It's been a while with one thing or another since I last managed to get some solar observing in, however Sunday afternoon offered some low altitude sun to look at.  While the disk is at first sight comparatively quiet it indeed tells a story; the small emerging flux region mid disk is the last relics of cycle 24 throwing out magnetic flux, however the northern polar crown marks the boundary of the northern jet stream where cycle 25 will kick off, and near the limb on the right hand side it is possible to see the remnants of a small spot with reversed polarity, typifying it to be the next solar cycle.  The shots were taken with double stacked Lunt 50 etalons and the PGR Chameleon 3 camera.  The proms below looked great visually in single stack mode. 

Sunday, 23 September 2018

Ha Full Disk - 23rd September

The sun was very quiet today, with only a few very small filaments on the disk, however a collection of nice small proms made up for this.  Taken with the DS50 and PGR Chameleon 3 camera.

Sunday Prominences - 23rd September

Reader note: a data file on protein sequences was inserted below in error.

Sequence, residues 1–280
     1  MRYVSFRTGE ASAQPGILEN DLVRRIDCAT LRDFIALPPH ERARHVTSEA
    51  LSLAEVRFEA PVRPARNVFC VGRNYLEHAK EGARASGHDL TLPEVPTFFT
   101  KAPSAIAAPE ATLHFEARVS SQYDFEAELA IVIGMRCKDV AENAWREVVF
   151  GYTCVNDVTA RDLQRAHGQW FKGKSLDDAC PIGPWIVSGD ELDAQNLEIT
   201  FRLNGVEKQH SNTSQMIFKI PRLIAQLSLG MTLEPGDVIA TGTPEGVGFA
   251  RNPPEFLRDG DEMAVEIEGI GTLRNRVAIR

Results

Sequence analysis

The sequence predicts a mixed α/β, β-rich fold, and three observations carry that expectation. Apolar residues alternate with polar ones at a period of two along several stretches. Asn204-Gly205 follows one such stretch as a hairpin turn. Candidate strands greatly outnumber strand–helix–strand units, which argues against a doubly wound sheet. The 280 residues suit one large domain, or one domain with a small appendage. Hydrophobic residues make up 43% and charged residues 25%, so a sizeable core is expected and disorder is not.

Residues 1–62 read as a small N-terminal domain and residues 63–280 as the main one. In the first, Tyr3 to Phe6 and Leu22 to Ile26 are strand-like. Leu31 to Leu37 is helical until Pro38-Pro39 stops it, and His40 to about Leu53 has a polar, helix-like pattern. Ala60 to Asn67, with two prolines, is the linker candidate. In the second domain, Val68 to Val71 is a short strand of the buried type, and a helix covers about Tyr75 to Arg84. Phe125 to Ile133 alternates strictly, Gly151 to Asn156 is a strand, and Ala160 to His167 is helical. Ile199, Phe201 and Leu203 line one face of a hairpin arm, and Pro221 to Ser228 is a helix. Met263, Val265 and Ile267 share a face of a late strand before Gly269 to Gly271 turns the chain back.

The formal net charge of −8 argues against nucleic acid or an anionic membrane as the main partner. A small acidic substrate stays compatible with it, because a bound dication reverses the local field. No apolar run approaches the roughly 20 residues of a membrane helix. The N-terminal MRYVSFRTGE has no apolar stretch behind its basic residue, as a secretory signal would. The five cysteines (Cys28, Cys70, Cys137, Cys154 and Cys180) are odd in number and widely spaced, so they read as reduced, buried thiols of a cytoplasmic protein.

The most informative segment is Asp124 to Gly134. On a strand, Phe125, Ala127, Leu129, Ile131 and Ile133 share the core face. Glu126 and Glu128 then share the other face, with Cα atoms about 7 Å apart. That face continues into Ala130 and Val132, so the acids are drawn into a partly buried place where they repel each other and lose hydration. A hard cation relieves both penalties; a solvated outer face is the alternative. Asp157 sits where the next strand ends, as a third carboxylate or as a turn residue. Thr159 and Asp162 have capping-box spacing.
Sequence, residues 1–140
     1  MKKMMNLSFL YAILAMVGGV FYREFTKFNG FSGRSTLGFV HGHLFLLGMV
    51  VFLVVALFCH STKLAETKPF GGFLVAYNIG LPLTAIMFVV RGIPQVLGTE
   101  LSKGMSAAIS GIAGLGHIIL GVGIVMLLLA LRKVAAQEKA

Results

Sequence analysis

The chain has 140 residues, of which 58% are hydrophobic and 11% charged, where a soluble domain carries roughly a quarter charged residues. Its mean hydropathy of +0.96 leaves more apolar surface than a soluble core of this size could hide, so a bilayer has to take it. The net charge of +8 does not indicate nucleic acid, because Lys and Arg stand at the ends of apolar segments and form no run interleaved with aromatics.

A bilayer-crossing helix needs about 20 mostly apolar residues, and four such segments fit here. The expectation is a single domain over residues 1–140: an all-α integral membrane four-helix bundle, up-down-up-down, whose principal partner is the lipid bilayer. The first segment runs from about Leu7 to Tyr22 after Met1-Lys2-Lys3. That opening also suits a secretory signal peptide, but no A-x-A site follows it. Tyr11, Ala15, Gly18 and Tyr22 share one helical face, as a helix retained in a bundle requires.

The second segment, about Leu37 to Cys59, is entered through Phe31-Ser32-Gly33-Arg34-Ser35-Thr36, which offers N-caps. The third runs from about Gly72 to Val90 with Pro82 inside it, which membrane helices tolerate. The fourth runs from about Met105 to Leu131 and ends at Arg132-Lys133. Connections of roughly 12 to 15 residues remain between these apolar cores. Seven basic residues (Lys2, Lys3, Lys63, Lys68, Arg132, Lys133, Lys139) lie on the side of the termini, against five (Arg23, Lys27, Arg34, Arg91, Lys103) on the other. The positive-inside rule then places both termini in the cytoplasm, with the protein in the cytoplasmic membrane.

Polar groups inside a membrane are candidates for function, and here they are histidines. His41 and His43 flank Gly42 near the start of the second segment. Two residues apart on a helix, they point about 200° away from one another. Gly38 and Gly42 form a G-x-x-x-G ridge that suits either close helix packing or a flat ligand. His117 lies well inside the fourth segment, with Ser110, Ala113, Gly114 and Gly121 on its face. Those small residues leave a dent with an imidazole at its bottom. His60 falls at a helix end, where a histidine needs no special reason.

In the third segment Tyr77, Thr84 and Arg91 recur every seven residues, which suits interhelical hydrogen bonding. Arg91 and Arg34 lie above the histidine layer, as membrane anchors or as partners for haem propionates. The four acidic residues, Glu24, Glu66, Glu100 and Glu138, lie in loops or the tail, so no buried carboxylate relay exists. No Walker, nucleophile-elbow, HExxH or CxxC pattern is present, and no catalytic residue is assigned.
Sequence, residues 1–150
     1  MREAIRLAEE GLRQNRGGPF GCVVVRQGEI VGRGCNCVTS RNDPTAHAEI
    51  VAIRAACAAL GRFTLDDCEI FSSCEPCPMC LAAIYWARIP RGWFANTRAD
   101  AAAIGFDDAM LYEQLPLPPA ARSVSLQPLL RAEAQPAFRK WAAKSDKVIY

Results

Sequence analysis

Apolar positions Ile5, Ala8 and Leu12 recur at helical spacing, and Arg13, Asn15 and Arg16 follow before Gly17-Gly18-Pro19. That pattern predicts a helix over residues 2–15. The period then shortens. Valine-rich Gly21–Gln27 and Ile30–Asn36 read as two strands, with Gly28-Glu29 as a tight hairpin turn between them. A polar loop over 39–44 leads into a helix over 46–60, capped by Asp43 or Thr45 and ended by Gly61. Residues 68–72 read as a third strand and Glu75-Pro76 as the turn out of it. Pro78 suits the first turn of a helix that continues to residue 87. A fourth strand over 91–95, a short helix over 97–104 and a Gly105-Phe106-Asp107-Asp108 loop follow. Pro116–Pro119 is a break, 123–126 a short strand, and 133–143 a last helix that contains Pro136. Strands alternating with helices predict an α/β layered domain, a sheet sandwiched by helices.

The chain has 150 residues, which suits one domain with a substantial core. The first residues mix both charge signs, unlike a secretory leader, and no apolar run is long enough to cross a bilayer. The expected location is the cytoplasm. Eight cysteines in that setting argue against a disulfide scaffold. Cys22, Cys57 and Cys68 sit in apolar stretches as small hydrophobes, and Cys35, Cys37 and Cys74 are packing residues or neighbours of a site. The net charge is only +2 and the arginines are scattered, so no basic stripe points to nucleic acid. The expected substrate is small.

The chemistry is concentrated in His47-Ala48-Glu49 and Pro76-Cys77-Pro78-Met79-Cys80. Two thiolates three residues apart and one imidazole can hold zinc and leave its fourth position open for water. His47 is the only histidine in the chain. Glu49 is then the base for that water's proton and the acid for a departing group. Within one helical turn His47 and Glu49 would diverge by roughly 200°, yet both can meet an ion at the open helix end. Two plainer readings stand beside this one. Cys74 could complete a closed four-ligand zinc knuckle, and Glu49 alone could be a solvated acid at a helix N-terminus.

The sun was quiet today but was putting on a nice show of prominences.  I used my new Coronado CEMAX 2x barlow with the DS50 to get some close up views.  The seeing wasn't too bad and got some nice images.  Camera used was the PGR Chameleon 3.

Closeup in Calcium - 23rd September

The seeing was better than I expected today and I managed to get a close up of the faculae that was visible mid disk.  Taken with the 100mm Tal refractor at 2000mm focal length with the home brew CaK filter and the PGR Chameleon 3 camera.  

CaK Full Disk - 23rd September

The sun was mighty quiet today in CaK light, with a few small patches of brighter faculae really the only features on the disk.  Taken with the 40mm scope at f14 with the home brew CaK filter and the PGR Chameleon 3 camera.

Thursday, 30 August 2018

Aurora! - 27th August